“First Gear” returns to our short/light Modern Sporting Rifle build in earnest today. We hope the last couple of weeks got you down the road on a build of your own, or gave you some ideas for gunny gifts; maybe both.
However that worked out, today we arrive at choosing time for perhaps the most crucial component in our, or perhaps any, rifle. Function is certainly critical in a semi-auto, and many components have important roles in making a Stoner-pattern run well—our Timney trigger and Law Tactical/ARFX stock combo being obvious examples. But it’s all for naught if bullets don’t hit where they’re aimed with both consistency and precision. That’s the only way to quiet the sniggering bolt guys, too … but we digress.
Ergo, we choose a barrel.
<<Cue tape: collective sigh>>
And no, we are not embarking on a (trust us, very lengthy) thesis on barrel vs. gas system length, dwell time, suppressor compatibility or DGI vs. piston systems. Rather, we’ll explain what we’re choosing, and why, for a short, light rifle. (But if you want such an exposition, here’s a particularly lucid gem from our friend Steve Adelmann over at Shooting Illustrated.)
Our “light” criterion drives us toward a thin profile, though we’re staying away from what’s commonly called “pencil.” As much as we love the low weight, in 25 years of trying we’ve never seen one of them hold well for even smallish groups—they simply heat up too fast. Granted, they cool down in a hurry too, and accuracy can be superb. But we’re wanting a couple of mag’s worth of MOA-type precision, so a little more “thermal inertia” is called for, and that means thickness.
It also means length, at least in our experience, so we’re giving back a couple of inches that we bought with our Law Tactical/ARFX Skeleton stock combo and going with an 18-incher. Don’t get us wrong: We know there are superbly accurate shorter barrels out there, but for many interrelated reasons that rapidly get complex, versatile accuracy is simply harder to achieve. More bullet weights and shapes will work, as a general rule, when more rifling is in play.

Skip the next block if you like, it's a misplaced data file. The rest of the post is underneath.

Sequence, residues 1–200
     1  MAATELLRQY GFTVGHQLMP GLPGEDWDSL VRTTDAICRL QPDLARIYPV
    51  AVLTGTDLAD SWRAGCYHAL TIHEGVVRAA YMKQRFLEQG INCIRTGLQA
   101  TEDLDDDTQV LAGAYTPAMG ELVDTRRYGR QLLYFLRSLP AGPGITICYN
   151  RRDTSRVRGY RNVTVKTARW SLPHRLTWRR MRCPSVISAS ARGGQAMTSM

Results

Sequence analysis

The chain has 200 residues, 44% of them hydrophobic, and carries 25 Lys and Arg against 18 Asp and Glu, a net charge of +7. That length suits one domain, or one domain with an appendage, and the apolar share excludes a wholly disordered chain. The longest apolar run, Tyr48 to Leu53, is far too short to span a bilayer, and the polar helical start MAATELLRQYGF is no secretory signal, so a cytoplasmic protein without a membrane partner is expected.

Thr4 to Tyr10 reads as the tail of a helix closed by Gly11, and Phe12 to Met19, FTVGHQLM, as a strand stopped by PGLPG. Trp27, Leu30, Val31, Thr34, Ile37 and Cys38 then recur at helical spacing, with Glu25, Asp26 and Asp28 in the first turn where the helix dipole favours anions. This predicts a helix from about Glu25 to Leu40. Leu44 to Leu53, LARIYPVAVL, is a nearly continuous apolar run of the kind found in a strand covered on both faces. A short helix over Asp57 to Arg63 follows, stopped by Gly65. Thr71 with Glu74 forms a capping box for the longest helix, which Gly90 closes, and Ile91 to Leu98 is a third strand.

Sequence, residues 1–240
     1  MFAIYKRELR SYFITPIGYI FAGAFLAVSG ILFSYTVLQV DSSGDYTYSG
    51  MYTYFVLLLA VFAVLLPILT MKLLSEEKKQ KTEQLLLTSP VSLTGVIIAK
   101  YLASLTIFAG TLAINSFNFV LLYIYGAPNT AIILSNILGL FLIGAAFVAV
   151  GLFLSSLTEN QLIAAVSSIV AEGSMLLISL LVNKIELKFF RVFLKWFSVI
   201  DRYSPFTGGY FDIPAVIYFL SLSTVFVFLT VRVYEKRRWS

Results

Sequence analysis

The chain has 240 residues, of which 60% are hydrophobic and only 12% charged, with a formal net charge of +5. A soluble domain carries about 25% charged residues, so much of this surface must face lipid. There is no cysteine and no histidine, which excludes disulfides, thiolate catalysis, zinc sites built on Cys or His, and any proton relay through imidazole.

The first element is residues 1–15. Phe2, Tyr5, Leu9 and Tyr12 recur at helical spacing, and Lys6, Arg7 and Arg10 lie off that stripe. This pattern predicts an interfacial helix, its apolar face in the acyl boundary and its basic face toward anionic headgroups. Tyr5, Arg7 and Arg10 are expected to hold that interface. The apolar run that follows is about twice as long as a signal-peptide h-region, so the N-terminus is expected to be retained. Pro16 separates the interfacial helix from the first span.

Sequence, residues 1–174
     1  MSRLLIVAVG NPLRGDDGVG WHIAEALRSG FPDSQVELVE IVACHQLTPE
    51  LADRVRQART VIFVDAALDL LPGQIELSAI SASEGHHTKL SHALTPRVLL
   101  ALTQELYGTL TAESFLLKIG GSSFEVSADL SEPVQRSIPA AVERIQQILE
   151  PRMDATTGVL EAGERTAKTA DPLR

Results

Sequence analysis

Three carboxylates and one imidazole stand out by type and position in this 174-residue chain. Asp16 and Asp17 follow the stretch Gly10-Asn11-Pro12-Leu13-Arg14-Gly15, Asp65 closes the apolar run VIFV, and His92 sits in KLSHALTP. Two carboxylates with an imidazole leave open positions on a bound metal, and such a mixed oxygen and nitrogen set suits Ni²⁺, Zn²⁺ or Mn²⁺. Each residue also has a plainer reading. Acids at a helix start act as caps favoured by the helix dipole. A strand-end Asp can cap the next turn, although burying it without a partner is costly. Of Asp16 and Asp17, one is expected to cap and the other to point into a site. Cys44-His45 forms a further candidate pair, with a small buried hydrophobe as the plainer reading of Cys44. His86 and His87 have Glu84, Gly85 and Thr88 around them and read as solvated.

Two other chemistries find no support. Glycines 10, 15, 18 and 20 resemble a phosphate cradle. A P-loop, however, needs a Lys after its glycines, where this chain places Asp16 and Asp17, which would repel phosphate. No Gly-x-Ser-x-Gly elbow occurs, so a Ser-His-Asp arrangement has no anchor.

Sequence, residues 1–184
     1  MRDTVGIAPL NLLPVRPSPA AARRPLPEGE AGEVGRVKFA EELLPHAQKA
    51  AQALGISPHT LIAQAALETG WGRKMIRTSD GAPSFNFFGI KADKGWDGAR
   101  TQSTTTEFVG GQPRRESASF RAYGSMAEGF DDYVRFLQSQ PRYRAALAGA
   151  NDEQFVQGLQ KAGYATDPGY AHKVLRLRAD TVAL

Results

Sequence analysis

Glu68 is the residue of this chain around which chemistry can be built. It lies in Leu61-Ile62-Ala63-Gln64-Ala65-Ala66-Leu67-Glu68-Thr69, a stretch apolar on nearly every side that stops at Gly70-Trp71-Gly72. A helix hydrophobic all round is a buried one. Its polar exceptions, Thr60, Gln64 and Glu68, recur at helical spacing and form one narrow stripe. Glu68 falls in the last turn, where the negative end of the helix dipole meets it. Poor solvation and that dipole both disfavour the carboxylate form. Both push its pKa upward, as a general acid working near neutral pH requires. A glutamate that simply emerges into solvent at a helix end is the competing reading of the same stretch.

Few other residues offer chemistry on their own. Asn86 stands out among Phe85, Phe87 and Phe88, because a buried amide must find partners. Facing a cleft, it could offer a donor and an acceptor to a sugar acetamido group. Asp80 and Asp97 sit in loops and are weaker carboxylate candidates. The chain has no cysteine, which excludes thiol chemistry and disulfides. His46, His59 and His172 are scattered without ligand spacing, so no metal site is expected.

We’re also eschewing the 1-in-7 craze: We have no plan to shoot anything over 80 grains, and several ballistic calculators show we’re good at 1-in-8. Note, too, that it’ll last longer.
There is a modest technical aspect to this choice as well, though we think we can spare you the fire-hose treatment: 18 inches is also the shortest barrel that mates well with a rifle-length gas system. We think this is a clear aid to accuracy for the time-honored reason (just plain longer), but also for a Stoner gas system reason—dwell time goes down. If you pay attention to the AR/MSR accuracy nuts, you see them going to longer-than-standard gas systems to put that port progressively closer to the end of the barrel and knock down the dwell interval. Simply, this is the time the projectile spends in the barrel beyond the gas-venting, action-driving port—and less is better.
There’s also a general opinion—with which we agree—that rifle length systems are the smoothest-recoiling as well. 5.56 generally draws no flack in this department anyway, but proponents of shorter variants also claim faster cycling. Our experience here says they’re right, so smiles all around. But our experience also says we’re just not fast enough to take advantage of that plus, so by yet another route, we arrive back at accuracy considerations über alles.
Enough already? Well, we think so, and our choice is therefore a Faxon “Gunner” light hybrid. We were introduced to these by our friends at Robar: They spotted us a 16-inch rifle a while back that routinely shot just over .5 MOA with delectable ease. In our average hands, it’s a reason to hope for even better if our 18-inch musings hold up. We’re one step closer to “bang.”
A blessed and Merry Christmas to one and all, too.
Part 1 Part 2 Part 3 Part 4 Part 6 Part 7 Part 8 Part 9Visit Faxon at www.faxonfirearms.com. (MSRP $189)